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Plaintiffs’ attorneys took it on the chin when Florida lawmakers in December approved Senate Bill 2A, which ended the practice of one-way attorney fees in property insurance litigation.

Now, though, a number of insurance carriers and defense firms insist that the new statute should be applied retroactively, blocking insurers’ payment of most attorney fees in cases that began long before SB 2A was signed into law.

And some policyholder attorneys are crying foul. They say it will take a few years of litigation and appeals court decisions to settle the matter.

“This is an improper interpretation of the law,” said West Palm Beach attorney Gina Clausen Lozier, who represents policyholders in insurance cases.


The statute in effect at the time an insurance contract is signed governs issues like this, according to Florida court rulings, Lozier said. In other words, if a policy was written before the attorney-fee limitation bill became law in late 2022, one-way attorney fees can still be allowed when an insured prevails over a carrier, she said.

“All of our research shows that the law is not retroactive,” said Chip Merlin, a claimants’ attorney in Tampa. “Members of the Legislature, in fact, have said it was not retroactive.”

At least two insurers in recent months have begged to differ.

In Lee County, ground zero for Hurricane Ian claims, American Integrity Insurance Co. in mid-February asked a circuit judge to strike the homeowners’ request that the insurer pay their legal fees.

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“Based on recent legislation aimed at addressing excessive litigation by eliminating one-way attorney fees for property insurance, and limiting the ability to acquire fees to an offer of judgment pursuant to Fla. Stat. § 768.79 or § 57.105, plaintiffs’ claim for attorney fees … is improper, immaterial and must be stricken by this court,” American Integrity attorney Amanda Droleski wrote in her motion.

Florida’s one-way fees, allowed by statute and court rulings for more than a decade, were cited as the number one reason that insurance claims litigation exploded in the last five years. The practice was seen as a strong incentive for some claimants’ attorneys to file thousands of unnecessary, premature or even duplicative suits on homeowner claims, costing insurers millions, driving up premiums and sending 10 property insurers into the realm of insolvency in the last three years, insurers and defense lawyers have said.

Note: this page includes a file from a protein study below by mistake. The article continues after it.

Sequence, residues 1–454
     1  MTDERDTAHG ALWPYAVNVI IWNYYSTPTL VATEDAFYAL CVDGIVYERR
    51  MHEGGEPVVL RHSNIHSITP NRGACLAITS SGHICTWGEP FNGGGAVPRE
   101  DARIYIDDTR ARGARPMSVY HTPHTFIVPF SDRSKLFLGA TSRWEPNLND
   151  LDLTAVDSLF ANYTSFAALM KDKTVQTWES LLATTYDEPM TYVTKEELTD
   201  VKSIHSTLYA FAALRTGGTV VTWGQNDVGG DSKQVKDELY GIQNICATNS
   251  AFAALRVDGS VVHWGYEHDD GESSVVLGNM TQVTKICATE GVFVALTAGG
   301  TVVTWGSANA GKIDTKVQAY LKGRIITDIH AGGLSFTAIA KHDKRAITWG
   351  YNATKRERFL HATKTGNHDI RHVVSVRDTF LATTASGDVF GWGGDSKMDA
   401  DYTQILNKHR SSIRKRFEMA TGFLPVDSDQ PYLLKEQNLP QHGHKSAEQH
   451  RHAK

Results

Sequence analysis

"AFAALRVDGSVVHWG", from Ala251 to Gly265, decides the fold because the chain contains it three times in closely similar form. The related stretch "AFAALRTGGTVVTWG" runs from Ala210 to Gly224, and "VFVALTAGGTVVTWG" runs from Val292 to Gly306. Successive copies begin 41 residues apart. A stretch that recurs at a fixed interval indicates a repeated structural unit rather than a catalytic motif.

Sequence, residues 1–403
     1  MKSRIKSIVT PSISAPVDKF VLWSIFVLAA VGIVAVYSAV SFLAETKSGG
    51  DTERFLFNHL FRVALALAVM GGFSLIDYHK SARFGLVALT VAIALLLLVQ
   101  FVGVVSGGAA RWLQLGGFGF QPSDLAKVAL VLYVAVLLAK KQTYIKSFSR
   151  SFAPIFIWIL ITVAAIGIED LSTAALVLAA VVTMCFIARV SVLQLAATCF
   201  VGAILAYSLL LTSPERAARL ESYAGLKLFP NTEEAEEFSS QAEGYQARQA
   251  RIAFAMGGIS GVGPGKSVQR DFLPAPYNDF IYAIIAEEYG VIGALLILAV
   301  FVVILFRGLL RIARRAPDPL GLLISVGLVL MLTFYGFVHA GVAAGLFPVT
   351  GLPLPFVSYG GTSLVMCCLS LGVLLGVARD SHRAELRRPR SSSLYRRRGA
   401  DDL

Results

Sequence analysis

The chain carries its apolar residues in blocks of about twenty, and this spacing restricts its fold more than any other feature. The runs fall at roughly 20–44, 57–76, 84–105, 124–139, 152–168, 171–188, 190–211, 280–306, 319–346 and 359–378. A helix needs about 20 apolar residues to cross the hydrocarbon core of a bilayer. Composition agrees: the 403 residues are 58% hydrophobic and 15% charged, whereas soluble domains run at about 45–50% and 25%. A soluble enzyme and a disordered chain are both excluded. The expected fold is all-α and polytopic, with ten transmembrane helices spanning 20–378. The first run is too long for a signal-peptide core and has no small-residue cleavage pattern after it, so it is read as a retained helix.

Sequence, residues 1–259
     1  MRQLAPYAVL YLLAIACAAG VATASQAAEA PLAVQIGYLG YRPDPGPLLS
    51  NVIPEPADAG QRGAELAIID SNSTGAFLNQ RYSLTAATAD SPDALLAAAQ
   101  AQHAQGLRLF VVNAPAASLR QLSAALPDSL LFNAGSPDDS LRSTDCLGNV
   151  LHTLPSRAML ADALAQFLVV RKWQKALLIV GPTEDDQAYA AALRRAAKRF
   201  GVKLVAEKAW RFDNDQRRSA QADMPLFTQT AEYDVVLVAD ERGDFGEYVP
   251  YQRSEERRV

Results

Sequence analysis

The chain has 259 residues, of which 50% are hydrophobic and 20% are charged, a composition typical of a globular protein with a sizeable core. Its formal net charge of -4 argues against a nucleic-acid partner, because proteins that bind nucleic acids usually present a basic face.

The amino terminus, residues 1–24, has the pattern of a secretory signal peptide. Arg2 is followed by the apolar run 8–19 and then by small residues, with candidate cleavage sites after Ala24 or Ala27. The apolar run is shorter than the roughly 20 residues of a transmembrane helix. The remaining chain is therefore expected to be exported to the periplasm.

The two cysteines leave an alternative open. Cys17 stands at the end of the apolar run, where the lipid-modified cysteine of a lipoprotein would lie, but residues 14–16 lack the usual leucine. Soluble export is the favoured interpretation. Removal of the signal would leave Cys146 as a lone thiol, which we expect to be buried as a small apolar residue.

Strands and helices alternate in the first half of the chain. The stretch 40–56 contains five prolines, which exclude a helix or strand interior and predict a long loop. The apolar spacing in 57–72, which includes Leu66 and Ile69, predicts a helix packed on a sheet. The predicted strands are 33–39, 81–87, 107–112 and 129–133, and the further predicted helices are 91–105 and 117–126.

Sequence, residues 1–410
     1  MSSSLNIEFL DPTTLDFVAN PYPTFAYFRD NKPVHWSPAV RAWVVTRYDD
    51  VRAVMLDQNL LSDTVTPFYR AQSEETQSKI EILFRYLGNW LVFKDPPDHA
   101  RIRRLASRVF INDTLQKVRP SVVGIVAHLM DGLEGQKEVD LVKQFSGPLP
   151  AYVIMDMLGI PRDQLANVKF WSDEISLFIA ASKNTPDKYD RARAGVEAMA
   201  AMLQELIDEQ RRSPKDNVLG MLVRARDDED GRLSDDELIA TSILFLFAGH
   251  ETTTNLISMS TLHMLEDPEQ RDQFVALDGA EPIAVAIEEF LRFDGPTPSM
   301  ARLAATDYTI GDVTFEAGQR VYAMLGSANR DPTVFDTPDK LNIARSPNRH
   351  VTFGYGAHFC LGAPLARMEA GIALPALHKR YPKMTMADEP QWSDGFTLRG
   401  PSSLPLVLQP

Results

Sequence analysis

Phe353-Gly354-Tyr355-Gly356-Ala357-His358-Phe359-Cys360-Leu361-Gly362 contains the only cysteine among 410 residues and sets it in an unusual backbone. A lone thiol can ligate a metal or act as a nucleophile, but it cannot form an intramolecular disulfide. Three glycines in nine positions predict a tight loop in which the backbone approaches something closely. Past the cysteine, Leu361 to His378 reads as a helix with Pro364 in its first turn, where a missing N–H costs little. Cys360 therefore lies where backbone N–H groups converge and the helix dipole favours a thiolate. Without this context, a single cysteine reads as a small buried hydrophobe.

SB 2A, much heralded by the insurance industry when it passed, “makes it perfectly clear that there is no right to attorney fees…,” Droleski’s motion reads. Because the homeowners filed their lawsuit in January, after the bill became law, their lawyer is not entitled to fees paid by the insurer.

In another suit, from Charlotte County, Spinnaker Insurance Co. made a similar assertion in an appeal to Florida’s 6th District Court of Appeals. The court has asked both sides to submit briefs about the issue.

Both cases are still pending.

Case law speaks to the question, Lozier and Merlin said. In 2010, the Florida Supreme Court in Menendez vs. Progressive Express Insurance found that a Florida statute requiring notification of intent to sue could not be applied retroactively to policies issued before the amendment was enacted.

The court noted that even if the Legislature intended for the pre-suit notice provision to be applied retroactively, the court cannot accept that assertion “if the statute impairs a vested right, creates a new obligation, or imposes a new penalty.” It was considered a substantive change, not merely procedural, the justices wrote.

With SB 2A’s attorney fee provision, there was no clear legislative intent that the law should reach back in time, said Lozier, with the Clausen Choquette law firm. Interpreting the law otherwise would be a substantive change, would attach new and unexpected penalties, and would run afoul of the U.S. Constitution’s ex post facto principle, she argued.


Michael Packer, a Fort Lauderdale insurance attorney with the Marshall Dennehey firm, strongly disagreed.

“Our current analysis is that the attorney fee provision in SB 2A, which eliminates the one-way attorney fee provision, should apply to lawsuits filed after 1/1/23 or notices of intent” filed after the law took effect in December, Packer said. The right to attorneys’ fees is triggered only with the filing of a lawsuit, not the issuance of an insurance policy, he said.

The Menendez court decision and other court rulings cited by trial lawyers do not apply, Packer said. After SB 76 was passed in 2021, requiring a 10-day pre-suit notice before litigation is launched, courts decided that legal fees are linked to that pre-suit notice requirements and that fee limits cannot be retroactive.

But SB 2A does not mention and is not dependent on a notice requirement, Packer argued.

That’s a strained bit of reasoning, Merlin fired back. The Menendez decision is the most relevant guidepost and speaks directly to the issue.

“I often say the opposing insurance defense counsel are brilliant at coming up with theories of non-payment. This is another example that will be fought over in the courts until a definitive ruling is made,” he added.

Ultimately, it may take another state Supreme Court decision to clear up the differences. Until then, uncertainty may exist on legal fees in hundreds of claims.

Related: Florida Appeals Court Found that Notice of Intent Applies to All AOBs Signed After the 2019 Law Was Enacted, Even if the Policy Pre-dates the Statute.